by Shawn Gainer
Clarksburg has many of the prerequisites for economic growth, according to the West Virginia Bureau of Business and Economic Research.
The bureau produces a yearly economic outlook that is presented to the state Legislature. Dr. George W. Hammond, a research assistant professor with the bureau, identifies transportation infrastructure and access to higher education as key requirements for economic growth.
Clarksburg has good transportation access through Interstate 79, U.S. Route 50 and Benedum Airport. Several higher education institutions are accessible from Clarksburg, including Fairmont State College, West Virginia University, Salem International University and Alderson-Broaddus College, while a branch of FSC, the Gaston Caperton Center, is located in downtown Clarksburg.
"The junction of Rt. 50 and I-79 has already contributed to retail growth in the area," Hammond said. "Road access is something you have to have. If you make a product, you have to be able to ship it. If you sell a product, you have to be able to have it shipped to you," he said.
In the outlook, Harrison County is grouped with Marion and Monongalia counties. The forecast for 1998-2003 calls for the region to continue to add jobs and inflation-adjusted personal income, while population and unemployment rates should stabilize around current levels.
However, Hammond added the regional economy is closely tied to the national economy. Job and income growth is dependent on the national economy staying out of recession through 2003.
According to the outlook, job growth in the region from 1990 to 1997 exceeded job growth statewide despite continued job losses in the coal industry.
The five-year forecast calls for continued job growth in 1998-2003, though at a slower rate than the 1.9 percent per year of the previous five years.
Growth is expected in business services such as telemarketing and computer programming. Mining jobs are expected to decline, though at a slower rate than they did in the first half of the 1990s. Government jobs are forecasted to continue growing, but at a slower pace.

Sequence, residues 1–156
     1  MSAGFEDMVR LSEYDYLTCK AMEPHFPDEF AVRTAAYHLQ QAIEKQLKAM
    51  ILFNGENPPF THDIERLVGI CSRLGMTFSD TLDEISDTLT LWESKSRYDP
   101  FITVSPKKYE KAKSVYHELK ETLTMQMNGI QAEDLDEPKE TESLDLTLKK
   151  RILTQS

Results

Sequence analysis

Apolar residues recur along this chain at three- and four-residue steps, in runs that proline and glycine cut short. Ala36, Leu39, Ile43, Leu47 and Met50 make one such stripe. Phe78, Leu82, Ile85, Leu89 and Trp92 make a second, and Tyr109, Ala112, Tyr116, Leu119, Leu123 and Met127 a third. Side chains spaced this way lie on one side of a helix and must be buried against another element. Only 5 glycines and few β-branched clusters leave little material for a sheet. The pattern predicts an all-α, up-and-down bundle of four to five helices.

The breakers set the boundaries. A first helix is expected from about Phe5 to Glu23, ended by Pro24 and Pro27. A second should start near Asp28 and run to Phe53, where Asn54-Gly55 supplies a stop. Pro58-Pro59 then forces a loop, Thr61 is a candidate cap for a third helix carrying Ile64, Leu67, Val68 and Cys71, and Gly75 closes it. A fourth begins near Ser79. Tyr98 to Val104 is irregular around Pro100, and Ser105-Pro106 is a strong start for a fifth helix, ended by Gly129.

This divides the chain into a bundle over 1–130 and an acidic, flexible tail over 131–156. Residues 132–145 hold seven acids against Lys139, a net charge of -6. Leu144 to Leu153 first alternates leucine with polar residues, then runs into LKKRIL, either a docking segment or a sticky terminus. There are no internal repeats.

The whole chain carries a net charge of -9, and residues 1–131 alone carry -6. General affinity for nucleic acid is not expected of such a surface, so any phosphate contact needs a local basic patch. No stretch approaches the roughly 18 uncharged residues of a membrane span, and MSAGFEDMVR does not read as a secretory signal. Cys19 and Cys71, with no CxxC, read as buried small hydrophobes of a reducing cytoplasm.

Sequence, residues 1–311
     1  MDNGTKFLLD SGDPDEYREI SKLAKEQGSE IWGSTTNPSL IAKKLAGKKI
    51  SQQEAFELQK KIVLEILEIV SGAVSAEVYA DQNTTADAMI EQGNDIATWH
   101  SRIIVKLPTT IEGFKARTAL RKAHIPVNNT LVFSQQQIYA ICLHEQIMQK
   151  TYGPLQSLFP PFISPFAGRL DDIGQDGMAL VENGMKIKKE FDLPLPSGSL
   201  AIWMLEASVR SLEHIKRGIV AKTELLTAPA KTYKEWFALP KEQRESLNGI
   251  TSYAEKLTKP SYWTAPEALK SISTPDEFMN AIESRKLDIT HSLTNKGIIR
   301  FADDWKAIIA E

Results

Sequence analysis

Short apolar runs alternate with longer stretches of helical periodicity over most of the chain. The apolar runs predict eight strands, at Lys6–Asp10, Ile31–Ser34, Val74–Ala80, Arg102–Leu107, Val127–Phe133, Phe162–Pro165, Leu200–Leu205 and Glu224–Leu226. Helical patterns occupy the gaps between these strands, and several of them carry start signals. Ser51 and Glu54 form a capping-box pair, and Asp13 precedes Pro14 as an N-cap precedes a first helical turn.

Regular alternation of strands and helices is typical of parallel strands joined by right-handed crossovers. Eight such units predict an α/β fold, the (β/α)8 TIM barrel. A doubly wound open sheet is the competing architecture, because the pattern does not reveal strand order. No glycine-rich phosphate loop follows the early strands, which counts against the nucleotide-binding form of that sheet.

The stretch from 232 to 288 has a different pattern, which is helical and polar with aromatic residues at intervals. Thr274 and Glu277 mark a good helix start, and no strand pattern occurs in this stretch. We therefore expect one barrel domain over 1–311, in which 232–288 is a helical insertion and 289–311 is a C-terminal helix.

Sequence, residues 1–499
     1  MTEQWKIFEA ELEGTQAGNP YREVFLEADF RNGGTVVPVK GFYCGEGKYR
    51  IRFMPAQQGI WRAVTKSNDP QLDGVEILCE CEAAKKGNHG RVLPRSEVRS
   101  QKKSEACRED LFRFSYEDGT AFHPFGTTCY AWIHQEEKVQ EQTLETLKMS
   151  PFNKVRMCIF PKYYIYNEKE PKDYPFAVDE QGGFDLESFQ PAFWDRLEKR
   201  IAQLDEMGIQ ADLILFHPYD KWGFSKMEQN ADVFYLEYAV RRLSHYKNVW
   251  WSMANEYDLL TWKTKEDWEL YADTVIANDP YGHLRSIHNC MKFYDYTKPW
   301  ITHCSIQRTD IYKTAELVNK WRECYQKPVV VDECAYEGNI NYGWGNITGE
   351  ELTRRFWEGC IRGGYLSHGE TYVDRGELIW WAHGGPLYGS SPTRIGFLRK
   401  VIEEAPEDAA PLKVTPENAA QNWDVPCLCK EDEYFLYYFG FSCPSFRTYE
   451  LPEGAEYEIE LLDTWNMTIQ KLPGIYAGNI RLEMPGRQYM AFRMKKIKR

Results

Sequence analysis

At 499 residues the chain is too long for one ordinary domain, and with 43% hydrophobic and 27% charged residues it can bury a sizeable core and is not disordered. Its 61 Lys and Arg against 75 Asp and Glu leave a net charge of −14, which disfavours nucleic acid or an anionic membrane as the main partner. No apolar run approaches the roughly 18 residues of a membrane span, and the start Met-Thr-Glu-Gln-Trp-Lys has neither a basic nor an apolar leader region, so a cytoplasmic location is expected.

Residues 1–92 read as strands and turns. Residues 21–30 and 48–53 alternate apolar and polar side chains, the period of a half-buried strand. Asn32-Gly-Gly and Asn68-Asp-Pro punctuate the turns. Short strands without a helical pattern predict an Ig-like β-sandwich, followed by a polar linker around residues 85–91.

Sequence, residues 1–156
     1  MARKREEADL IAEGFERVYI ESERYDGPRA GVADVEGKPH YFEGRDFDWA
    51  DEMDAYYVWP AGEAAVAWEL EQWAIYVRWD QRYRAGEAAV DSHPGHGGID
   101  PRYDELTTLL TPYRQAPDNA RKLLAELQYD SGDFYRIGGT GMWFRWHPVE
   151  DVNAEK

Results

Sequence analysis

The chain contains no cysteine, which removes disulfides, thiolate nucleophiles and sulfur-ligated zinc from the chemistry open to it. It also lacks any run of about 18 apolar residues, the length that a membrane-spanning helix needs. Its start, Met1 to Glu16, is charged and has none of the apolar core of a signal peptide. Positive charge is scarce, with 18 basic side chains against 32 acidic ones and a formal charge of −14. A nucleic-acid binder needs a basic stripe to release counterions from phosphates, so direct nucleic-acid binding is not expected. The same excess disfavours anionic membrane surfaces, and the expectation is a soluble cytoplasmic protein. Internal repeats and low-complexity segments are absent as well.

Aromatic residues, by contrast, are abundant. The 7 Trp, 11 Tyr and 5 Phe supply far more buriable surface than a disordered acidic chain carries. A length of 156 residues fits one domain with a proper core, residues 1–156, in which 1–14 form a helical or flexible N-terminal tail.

"We had a real spike in federal jobs from the FBI Center. That's leveling out now," Hammond said.
While Clarksburg has drawn nothing like a Toyota engine plant to replace manufacturing and mining jobs that have left in the past, City Manager Tom Vidovich said he believes Clarksburg's access to transportation and higher education puts the city in a good position for job growth in services, retail and light manufacturing.
"Merrick Corp. (a hanger manufacturer) has been no small boon to economic development and Infocision (a telemarketing firm) creates a lot of jobs," Vidovich said. "Admittedly, we have not attracted smokestack industry like we have before, but we have attracted light industry and services."
While three businesses, Elby's on Emily Drive and Rite Aid and The Clarksburg Movie Cafe on Main Street, have announced their closure, city officials such as Councilman Jim Hunt maintain closures are a natural part of the business cycle and do not spell economic doom for the city.
Vidovich said Clarksburg's transportation advantages will increase with the completion of Corridor H, and would be further aided by a proposed widening of U.S. Route 50 toward the east.
"Once you have east, west, north and south traffic, this whole region, including Clarksburg, will be more competitive," Vidovich said. "I think Clarksburg will continue to be the commercial hub of the area."
Vidovich also said he does not view Clarksburg as a hard-pressed competitor of Bridgeport, which has a median household income that is nearly twice that of Clarksburg, and has attracted major developments such as Charles Pointe.
"Charles Pointe could increase property values in Clarksburg," he said. "I believe what is good for the region is good for Clarksburg and vice versa."
Staff writer Shawn Gainer can be reached at 626-1442 or by e-mail at email@example.com.